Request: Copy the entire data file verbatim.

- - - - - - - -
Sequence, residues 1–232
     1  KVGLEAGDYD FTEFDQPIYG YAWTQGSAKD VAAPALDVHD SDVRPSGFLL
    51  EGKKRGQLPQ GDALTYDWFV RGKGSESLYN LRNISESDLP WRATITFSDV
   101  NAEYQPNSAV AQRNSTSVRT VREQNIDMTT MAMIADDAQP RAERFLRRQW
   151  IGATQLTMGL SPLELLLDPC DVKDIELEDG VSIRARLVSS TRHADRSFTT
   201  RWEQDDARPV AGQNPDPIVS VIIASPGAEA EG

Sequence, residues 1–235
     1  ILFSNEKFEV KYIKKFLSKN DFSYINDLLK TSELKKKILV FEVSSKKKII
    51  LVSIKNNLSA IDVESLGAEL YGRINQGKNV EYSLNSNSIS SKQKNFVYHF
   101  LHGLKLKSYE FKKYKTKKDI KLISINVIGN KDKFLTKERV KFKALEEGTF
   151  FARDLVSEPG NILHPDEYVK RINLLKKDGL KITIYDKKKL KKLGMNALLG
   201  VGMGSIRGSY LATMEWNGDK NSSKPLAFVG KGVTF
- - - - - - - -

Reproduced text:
Sequence, residues 1–232
     1  KVGLEAGDYD FTEFDQPIYG YAWTQGSAKD VAAPALDVHD SDVRPSGFLL
    51  EGKKRGQLPQ GDALTYDWFV RGKGSESLYN LRNISESDLP WRATITFSDV
   101  NAEYQPNSAV AQRNSTSVRT VREQNIDMTT MAMIADDAQP RAERFLRRQW
   151  IGATQLTMGL SPLELLLDPC DVKDIELEDG VSIRARLVSS TRHADRSFTT
   201  RWEQDDARPV AGQNPDPIVS VIIASPGAEA EG

Sequence, residues 1–235
     1  ILFSNEKFEV KYIKKFLSKN DFSYINDLLK TSELKKKILV FEVSSKKKII
    51  LVSIKNNLSA IDVESLGAEL YGRINQGKNV EYSLNSNSIS SKQKNFVYHF
   101  LHGLKLKSYE FKKYKTKKDI KLISINVIGN KDKFLTKERV KFKALEEGTF
   151  FARDLVSEPG NILHPDEYVK RINLLKKDGL KITIYDKKKL KKLGMNALLG
   201  VGMGSIRGSY LATMEWNGDK NSSKPLAFVG KGVTF